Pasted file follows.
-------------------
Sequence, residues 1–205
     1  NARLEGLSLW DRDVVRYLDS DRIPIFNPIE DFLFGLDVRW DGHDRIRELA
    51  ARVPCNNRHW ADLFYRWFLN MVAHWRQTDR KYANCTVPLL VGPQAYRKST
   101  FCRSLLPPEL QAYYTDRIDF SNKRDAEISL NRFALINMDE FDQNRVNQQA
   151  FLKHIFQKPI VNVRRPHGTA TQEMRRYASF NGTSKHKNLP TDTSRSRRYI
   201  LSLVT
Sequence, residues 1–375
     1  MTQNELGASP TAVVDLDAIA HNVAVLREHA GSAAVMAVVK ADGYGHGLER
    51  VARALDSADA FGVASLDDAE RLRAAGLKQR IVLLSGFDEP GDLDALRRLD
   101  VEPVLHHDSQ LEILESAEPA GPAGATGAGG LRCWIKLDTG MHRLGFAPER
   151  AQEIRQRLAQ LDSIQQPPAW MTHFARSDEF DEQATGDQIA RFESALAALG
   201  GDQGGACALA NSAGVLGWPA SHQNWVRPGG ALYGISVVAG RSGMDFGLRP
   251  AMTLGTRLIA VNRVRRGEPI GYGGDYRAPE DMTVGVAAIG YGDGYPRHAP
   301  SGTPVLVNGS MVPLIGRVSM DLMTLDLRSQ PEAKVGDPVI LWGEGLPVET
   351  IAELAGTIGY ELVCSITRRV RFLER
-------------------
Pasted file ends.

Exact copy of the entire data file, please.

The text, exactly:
Sequence, residues 1–205
     1  NARLEGLSLW DRDVVRYLDS DRIPIFNPIE DFLFGLDVRW DGHDRIRELA
    51  ARVPCNNRHW ADLFYRWFLN MVAHWRQTDR KYANCTVPLL VGPQAYRKST
   101  FCRSLLPPEL QAYYTDRIDF SNKRDAEISL NRFALINMDE FDQNRVNQQA
   151  FLKHIFQKPI VNVRRPHGTA TQEMRRYASF NGTSKHKNLP TDTSRSRRYI
   201  LSLVT
Sequence, residues 1–375
     1  MTQNELGASP TAVVDLDAIA HNVAVLREHA GSAAVMAVVK ADGYGHGLER
    51  VARALDSADA FGVASLDDAE RLRAAGLKQR IVLLSGFDEP GDLDALRRLD
   101  VEPVLHHDSQ LEILESAEPA GPAGATGAGG LRCWIKLDTG MHRLGFAPER
   151  AQEIRQRLAQ LDSIQQPPAW MTHFARSDEF DEQATGDQIA RFESALAALG
   201  GDQGGACALA NSAGVLGWPA SHQNWVRPGG ALYGISVVAG RSGMDFGLRP
   251  AMTLGTRLIA VNRVRRGEPI GYGGDYRAPE DMTVGVAAIG YGDGYPRHAP
   301  SGTPVLVNGS MVPLIGRVSM DLMTLDLRSQ PEAKVGDPVI LWGEGLPVET
   351  IAELAGTIGY ELVCSITRRV RFLER